Ages before fur clothing became fashionable its use was a matter of survival. The first garments that men (or early modern humans, the Cro-Magnon) produced were likely made of animal fur and hides, some 40,000 years ago, to protect themselves from low temperatures. Although archaeologists haven’t found garments that old as materials are more perishable, there are other evidence, like beads and teeth that could have been part of clothing found in a 28,000-year-old Homo sapiens grave in Sungir, Russia, and a 20,000-year-old bone needle that would have been likely used to make clothes, to name a few. It is believed that the Cro-Magnon also developed pointed tools, which would be used to punch holes in animal skins to lace them together and form garments like tunics, for instance.
One of the best and oldest evidences of animal fur and leather use is Otzi, the iceman, a mummy found in the European glaciers in 1991 which was preserved in ice for over 5,300 years with different parts of his clothing. Most of his garments were made of animal skin, like goat and sheepskin coat, goatskin leggings, bear fur hat, and sheepskin loincloth.
Reconstruction of Otzi, the iceman – 5300 years of history preserved in ice (photo: National Geographic magazine)
Animal pelts, fur and leather were some of the main garment materials for their durability and warmth, a necessity for colder climates, but in some earlier societies there was also the belief in the “contagious magic”, meaning that the virtues associated with different animals (fearlessness, virility, prowess, etc.) would be assimilated by a person wearing their skins.
Fur clothing has also been used to separate the ruling class from the commoners in some earlier societies. For instance, in 3000 BC, the Egyptians declared the use of leopard and lion skin exclusive to kings and high priests in ceremonies. In the 13th century, in France, it was created a Royal Ordinance that made ermine and vair (a kind of squirrel from Eurasia) fur clothes exclusive to the Royal family and aristocracy.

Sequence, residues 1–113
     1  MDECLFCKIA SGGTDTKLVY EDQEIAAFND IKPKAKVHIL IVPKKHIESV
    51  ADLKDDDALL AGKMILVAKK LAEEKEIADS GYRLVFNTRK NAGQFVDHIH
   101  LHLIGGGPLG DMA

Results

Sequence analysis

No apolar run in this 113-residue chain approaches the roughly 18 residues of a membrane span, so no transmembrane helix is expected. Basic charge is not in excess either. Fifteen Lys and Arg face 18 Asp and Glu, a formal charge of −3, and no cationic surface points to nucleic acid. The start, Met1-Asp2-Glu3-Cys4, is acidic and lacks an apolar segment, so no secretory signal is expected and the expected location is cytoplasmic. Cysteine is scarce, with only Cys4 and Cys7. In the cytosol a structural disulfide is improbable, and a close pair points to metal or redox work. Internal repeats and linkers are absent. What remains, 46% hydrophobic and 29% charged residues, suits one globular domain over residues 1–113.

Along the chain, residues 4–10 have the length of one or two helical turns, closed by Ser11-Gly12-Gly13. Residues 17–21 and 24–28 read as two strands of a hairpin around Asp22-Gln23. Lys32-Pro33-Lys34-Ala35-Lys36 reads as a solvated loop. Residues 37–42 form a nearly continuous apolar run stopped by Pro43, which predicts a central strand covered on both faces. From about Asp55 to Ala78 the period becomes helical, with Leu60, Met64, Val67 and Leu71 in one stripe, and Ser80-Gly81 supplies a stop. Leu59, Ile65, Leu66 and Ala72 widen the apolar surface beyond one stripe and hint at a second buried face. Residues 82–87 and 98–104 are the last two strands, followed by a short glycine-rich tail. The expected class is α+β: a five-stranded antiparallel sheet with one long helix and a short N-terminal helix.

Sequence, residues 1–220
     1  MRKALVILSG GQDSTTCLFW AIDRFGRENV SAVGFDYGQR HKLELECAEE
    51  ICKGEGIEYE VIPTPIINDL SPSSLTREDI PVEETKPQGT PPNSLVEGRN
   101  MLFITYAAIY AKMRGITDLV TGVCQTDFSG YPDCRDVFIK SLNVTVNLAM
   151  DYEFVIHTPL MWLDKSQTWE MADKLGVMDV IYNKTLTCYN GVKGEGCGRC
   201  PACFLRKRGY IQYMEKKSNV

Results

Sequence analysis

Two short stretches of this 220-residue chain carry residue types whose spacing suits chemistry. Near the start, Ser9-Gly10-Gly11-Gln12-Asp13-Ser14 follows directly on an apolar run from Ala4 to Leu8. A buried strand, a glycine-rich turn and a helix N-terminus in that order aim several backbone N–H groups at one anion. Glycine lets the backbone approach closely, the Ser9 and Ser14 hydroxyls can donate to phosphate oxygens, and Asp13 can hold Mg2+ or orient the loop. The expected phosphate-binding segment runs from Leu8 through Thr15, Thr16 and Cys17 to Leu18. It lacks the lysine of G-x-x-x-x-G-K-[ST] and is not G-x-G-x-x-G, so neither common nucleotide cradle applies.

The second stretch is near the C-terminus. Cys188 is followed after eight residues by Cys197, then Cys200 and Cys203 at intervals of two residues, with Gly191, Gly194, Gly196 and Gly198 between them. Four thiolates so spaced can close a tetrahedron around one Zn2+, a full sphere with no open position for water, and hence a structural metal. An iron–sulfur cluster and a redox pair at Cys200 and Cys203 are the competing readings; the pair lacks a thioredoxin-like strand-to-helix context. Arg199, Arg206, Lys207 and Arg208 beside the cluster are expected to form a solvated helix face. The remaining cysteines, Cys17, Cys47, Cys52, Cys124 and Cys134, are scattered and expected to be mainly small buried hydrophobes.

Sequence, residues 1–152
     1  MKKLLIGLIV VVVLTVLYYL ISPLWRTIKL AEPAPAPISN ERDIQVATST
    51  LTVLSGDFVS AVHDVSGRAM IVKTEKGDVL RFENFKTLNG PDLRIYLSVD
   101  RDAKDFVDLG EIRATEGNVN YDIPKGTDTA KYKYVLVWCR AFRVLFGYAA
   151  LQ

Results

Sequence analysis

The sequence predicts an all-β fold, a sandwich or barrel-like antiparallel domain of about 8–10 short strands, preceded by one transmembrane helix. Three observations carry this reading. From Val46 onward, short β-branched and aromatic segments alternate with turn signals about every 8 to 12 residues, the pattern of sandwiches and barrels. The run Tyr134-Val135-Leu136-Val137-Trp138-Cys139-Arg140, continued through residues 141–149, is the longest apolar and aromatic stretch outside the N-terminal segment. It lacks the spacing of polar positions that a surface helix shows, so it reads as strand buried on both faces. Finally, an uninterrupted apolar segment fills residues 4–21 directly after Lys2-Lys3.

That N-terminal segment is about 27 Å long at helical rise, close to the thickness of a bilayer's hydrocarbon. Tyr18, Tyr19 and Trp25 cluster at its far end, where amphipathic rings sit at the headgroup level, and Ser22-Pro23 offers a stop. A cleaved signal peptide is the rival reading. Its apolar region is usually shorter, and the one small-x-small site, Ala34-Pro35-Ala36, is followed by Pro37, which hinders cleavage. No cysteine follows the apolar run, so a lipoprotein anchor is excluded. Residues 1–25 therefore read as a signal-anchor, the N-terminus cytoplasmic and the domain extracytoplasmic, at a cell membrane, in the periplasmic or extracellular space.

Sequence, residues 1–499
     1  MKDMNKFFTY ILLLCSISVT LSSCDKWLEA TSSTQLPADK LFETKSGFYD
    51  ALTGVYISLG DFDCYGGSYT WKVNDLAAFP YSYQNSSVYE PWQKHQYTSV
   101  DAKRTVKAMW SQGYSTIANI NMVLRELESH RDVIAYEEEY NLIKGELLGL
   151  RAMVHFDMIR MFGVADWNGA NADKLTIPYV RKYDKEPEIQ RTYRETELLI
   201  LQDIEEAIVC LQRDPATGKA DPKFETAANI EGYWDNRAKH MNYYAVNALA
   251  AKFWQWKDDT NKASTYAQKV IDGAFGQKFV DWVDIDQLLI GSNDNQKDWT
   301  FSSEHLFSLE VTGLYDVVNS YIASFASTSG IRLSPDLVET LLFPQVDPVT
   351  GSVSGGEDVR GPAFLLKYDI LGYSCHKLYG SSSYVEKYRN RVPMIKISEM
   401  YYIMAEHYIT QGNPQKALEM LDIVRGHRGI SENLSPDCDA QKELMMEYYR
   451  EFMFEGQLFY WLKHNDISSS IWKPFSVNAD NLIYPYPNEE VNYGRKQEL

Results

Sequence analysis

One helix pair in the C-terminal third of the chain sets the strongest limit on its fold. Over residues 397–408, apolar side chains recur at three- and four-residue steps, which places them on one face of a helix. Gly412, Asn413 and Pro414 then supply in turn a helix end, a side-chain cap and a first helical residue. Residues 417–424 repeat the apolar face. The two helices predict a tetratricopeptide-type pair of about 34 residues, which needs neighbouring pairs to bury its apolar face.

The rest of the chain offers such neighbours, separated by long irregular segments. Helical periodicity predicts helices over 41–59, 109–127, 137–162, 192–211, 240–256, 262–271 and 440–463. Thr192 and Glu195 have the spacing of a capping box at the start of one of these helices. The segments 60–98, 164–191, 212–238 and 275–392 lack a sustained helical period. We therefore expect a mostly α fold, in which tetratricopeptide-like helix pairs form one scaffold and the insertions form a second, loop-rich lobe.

In those days, fur and pelts were mostly harvested from the wild, but demand continued to grow both for its status as for its warmth, promoting the expansion of the fur market with new trading routes, new techniques development and production intensification. Since late 1800s, the hunted pelts supply became short for the market’s demand, so many species started being farmed.
With fur farming development throughout the last century specific rules for the industry were developed to guarantee animal welfare and environmental best practice. Unfortunately there are still a lot of fur companies worldwide that don’t practice sustainable fur harvesting (using polluting dyes and chemicals) and respect of animals, so it is advisable to check the origin of fur products before buying them.
There are still wild fur harvesters, especially in countries like New Zealand, where there are several non-native animal species, like possum, rabbit and deer, which were introduced in the local environment and represent harm to native fauna and flora, and agriculture. Still, even for wild animal furriers there are a set of rules for responsible animal fur recovery, to promote humane fur harvesting techniques and best practices for the environment.